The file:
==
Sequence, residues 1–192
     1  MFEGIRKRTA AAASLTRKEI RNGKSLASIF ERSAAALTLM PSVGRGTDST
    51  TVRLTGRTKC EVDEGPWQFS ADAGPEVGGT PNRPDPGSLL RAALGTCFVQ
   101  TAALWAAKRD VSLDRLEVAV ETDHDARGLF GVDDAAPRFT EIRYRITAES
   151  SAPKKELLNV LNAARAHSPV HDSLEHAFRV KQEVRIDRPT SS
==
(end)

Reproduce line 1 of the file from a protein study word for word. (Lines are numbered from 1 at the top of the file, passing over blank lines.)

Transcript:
Sequence, residues 1–192